Many people reach settlement agreements with insurance companies before pursuing lawsuits for the remainder of their damages. For example, if the other driver in a car accident was uninsured, you would file a claim with your own uninsured motorist coverage to get things like medical bills paid for. After that, you might sue the other driver. In such cases, the insurance company might file a subrogation claim to get back some of the money they paid to you if the insurance and the lawsuit covered the same damages.
Essentially, if you receive payment through a lawsuit for damages already paid for in a settlement with the defendant’s insurance, the insurance company will want some money back. Legally, plaintiffs should not be recovering compensation for the same damages twice, thereby turning a profit on their injuries. However, insurance companies might try to claim your damages have been covered twice when you were compensated for separate damages.
Sometimes, a settlement may become final very quickly after a plaintiff accepts. Other times, the parties agree to the settlement, but it might not become final for a while as both parties take time to review the agreement. If you have accepted a settlement, but the settlement is not yet final, there might still be time to back out and pursue a lawsuit instead.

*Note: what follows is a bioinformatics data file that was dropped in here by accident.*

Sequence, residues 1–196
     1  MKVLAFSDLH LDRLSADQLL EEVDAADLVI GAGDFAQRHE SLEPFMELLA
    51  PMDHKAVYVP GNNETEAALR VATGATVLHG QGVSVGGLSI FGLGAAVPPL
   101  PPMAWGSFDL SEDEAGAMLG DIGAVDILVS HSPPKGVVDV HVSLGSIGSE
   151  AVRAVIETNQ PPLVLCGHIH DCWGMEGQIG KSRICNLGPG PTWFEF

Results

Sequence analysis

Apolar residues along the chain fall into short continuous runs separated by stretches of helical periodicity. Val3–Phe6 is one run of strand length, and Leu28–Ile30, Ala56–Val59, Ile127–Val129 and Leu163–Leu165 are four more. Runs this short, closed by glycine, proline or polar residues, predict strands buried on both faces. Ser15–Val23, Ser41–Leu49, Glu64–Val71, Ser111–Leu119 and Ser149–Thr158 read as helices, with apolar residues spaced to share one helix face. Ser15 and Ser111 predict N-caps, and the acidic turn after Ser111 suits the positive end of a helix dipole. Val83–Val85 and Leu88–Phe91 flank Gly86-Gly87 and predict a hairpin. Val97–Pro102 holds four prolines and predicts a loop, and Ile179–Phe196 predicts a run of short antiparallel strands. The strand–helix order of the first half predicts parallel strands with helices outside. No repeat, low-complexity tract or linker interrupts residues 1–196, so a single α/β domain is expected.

A settlement is rarely based on an oral agreement or a handshake. In most cases, you will be required to sign some paperwork before the agreement is final and legally binding, although there are exceptions, particularly if settlement is reached through a mediation process. Typically, once the settlement terms are agreed upon, the parties will draw up a contract representing the agreement that must be signed by all parties involved.
If you have accepted a settlement but have not yet signed anything, contact an attorney to review your settlement immediately. Our South Bend personal injury lawyers can help you determine if the settlement is good or if you should reconsider and file a lawsuit.
Before accepting a settlement agreement in Indiana, the very first thing you should do is hire a lawyer. Our Hammond personal injury attorneys can help you negotiate the best settlement agreement possible and stick up for your rights if the defendant tries to bulldoze you. If a settlement is good, you should not have to worry about filing a lawsuit later.
If you do not know how much your total damages are worth, it may be easy for the defendant to take advantage of you and secure a bad settlement. Remember, your damages are more than just your medical expenses or property damage. You must also consider your emotional and physical pain and suffering, lost income from missing work or losing your job, and any future losses you can expect because of the defendant’s negligence.